Until recently, Utilization Management was all about how health plans determine preauthorization. But that definition is fast becoming outdated.
Authored by Debbie Hill, MSN, RN
The term “Utilization Management” was first heard in healthcare roughly three decades ago. The Institute of Medicine came up with a formal definition in 1989 that discusses “…techniques used by or on behalf of purchasers of health care benefits to manage health care costs…”. In plain English: It’s how health plans determine preauthorization.
Until very recently, with health plans the sole bearers of risk, Utilization Management couldn’t extend any further. It was about saving them money.
But not anymore. That definition is fast becoming outdated; we need a broader one.
Utilization Management’s Benefits for Risk-bearing Organizations
Today, providers are increasingly sharing risk with health plans in value-based arrangements. As providers become invested in controlling care costs, Utilization Management is no longer a just matter of preauthorizations. Instead, it’s a matter of developing provider-plan partnerships that enable more strategic management of overall care resources.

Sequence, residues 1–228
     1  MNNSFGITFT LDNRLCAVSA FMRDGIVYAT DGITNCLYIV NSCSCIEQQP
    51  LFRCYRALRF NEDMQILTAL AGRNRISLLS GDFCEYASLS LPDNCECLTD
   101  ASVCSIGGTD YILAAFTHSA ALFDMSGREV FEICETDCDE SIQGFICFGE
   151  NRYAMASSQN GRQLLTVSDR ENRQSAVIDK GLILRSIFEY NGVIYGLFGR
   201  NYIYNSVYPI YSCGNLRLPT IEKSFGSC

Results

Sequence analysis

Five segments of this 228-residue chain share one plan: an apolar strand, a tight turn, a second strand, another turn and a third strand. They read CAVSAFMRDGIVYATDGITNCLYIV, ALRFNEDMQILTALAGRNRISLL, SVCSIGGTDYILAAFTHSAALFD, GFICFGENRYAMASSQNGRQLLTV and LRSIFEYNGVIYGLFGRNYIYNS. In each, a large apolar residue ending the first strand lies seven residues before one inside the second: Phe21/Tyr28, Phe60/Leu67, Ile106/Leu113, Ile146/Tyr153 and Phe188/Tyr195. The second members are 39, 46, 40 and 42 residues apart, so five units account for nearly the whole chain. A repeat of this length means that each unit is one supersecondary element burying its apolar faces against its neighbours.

The new definition of Utilization Management must center on shared responsibility for eliminating inefficiency. It’s about better directing resources to improve outcomes across entire patient populations.
Success in value-based care will ultimately depend on payers and providers together maintaining the highest quality of necessary care while reducing or eliminating care that is inefficient, redundant or unnecessary. That includes getting rid of excessive care steps unintentionally fostered by fee-for-service care models.
Putting Utilization Management Into Action
Going forward, sharing risk will require both providers and plans to embrace Utilization Management and drive a more financially and clinically responsible care system.